A Brave New World of Custom Cars?
Did you see the video about Ford’s new panel forming tech? Ford’s Freeform Fabrication Technology, F3T. Gizmodo called it a 3D printer for sheet metal but I think it’s more of a new take on traditional metal shaping tools since it’s essentially taking a large power hammer, reducing the scale of the work tools down to stylus size so very small sections of the panel are shaped at a time and digitizing the process.
I think it has potential for the car hobby well beyond letting Ford make prototype parts or short run niche vehicle body panels fast. I think it could bring coachbuilding to the masses. Right now it takes a lot of specialty machines and tools and years and years of apprenticing and metal shaping to be able to make a one-off fender, let alone an entire car. Imagine being able to take a CAD drawing of the car of your dreams, downloading it into a machine, and watch it start shaping fenders, hoods and doors.
What a cool idea!
What a freaking scary idea!
God, imagine the monstrosities we’ll see at custom car shows. Just think of the worst Corvette Summer level abortion in fiberglass that you’ve ever seen and then try to visualize its counterpart based on any car made out of metal. Imagine car enthusiasts whose idea of styling never got very far beyond the cars they drew in school notebooks in junior high now being able to have those ideas rendered in steel or aluminum. The Detroit Autorama is a great show, but there are always a few cars that demonstrate the triumph of demonstrable technical abilities over an equally demonstrable paucity of aesthetic talent. In other words, people with shit for taste will use the tech to make even more bizarre things than the insane wheels they can currently cut on a CNC machine.
Right now there simply aren’t that many people who know how to shape metal panels and have the specialty tools, the power hammers, the metal shrinkers, the stretchers, the English wheels and Italian hammers. Not many people can make a compound curve out of a flat sheet of metal. Not many people can afford to pay those other folks’ rates.
At this point it looks like the tech is a bit beyond the experimental stage but assuming Ford licenses it or otherwise allows it to proliferate I can see how in a few short years you no longer will need to find a skilled panel beater or coachbuilder to make you the car of your dreams. Just remember, though, some dreams are nightmares.
Ronnie Schreiber edits Cars In Depth, a realistic perspective on cars & car culture and the original 3D car site. If you found this post worthwhile, you can dig deeper at Cars In Depth. If the 3D thing freaks you out, don’t worry, all the photo and video players in use at the site have mono options. Thanks for reading – RJS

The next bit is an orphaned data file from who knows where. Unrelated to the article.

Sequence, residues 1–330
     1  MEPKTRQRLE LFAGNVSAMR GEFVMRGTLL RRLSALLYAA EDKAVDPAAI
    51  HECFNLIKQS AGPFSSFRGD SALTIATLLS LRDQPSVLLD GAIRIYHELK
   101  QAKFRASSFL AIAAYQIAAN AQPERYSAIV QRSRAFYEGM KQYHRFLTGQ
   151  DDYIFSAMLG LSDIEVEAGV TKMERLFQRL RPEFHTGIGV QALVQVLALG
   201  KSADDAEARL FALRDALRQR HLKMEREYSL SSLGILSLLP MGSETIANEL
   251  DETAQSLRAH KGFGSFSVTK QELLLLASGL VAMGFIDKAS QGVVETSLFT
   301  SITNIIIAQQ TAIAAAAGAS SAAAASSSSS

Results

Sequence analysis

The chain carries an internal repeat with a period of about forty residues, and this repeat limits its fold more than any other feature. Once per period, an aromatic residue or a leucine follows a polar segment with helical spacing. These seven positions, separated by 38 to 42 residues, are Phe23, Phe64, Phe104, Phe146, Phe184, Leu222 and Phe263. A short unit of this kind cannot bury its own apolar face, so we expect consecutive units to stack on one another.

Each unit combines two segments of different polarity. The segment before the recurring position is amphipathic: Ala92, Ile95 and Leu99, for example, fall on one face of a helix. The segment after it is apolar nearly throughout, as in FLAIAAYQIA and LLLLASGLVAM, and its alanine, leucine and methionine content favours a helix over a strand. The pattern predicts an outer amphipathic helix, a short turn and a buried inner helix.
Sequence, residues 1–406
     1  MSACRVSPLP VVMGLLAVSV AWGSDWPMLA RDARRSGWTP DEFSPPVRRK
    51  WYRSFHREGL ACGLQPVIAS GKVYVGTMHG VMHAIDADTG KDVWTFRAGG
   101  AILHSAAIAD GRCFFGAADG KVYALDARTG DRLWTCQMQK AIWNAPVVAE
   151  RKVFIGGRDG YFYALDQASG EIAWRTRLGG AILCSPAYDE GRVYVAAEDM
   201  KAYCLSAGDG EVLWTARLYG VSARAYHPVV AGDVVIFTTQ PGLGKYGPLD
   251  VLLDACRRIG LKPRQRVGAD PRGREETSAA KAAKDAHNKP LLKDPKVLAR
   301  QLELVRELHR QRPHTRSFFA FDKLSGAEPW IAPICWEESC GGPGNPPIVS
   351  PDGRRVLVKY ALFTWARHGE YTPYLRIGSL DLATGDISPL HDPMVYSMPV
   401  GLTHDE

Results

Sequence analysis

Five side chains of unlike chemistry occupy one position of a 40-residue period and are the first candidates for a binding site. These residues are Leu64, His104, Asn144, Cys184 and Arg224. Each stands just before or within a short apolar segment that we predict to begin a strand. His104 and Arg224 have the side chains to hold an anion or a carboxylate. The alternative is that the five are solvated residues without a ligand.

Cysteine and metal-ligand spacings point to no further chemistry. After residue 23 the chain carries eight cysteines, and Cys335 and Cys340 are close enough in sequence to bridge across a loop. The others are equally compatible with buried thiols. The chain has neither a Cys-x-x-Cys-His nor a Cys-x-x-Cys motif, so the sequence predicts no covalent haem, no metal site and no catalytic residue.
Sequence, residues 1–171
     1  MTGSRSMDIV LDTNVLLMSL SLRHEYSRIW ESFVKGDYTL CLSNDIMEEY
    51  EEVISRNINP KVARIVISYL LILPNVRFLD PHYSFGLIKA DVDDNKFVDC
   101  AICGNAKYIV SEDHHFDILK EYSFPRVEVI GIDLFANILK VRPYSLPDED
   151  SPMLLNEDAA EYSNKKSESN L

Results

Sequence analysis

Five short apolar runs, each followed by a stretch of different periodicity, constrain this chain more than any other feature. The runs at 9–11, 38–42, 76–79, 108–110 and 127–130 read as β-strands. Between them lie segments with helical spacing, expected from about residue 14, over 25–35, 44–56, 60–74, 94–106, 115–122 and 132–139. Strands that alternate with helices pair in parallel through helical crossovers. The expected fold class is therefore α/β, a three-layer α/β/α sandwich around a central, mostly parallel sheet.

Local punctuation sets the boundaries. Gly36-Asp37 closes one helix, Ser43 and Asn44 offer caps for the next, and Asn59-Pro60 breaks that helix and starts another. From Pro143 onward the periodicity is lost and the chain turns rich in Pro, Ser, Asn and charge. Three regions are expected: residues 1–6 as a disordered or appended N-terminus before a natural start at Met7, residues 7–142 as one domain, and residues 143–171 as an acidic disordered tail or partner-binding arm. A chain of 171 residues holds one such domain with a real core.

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- Alan I blame COVID, the chip shortage, container shortage and the war in Ukraine. This aggression is evident in normal daily driving of late.
- Alan $10 000 is a bit rich for a vehicle that most likely been flogged all its life, plus it's a VW. Lots of electrical gremlins live in them.
- Alan Mitsubishi, Hino and Izuzu trucks are quite common in Australia. Another factor that needs to be taken into account are the cheap Chinese trucks and vans that are entering the market in Australia and becoming more popular as reliability improves, with huge warranties. Businesses want the cheapest logistics. Plumbers, concreters, builders buy many of these in their lightest versions, around 2.5 tonne payload. Hino/Toyota could use the cheaper competitor in Mitsubishi as a competitor against the Chinese. You don't see too many of the Japanese/Asian trucks in the rural areas.
- 2ACL I think it's a good choice. The E89 didn't get respect due to its all-around focus when new, but it's aged well, and the N52/6HP combo is probably more fun and capable than it's given credit for.
- Wjtinfwb I can hear the ticking from here...
'88 Trooper sized for a Silverado chassis and a case each of Windex and suncreen.
I don't see this producing parts for even small series vehicles - note what they say in the video about "set it up, start it and come back the next morning." It's a slow, very expensive machine. Great for prototyping. But not there (yet) for producing a part you'd sell to someone.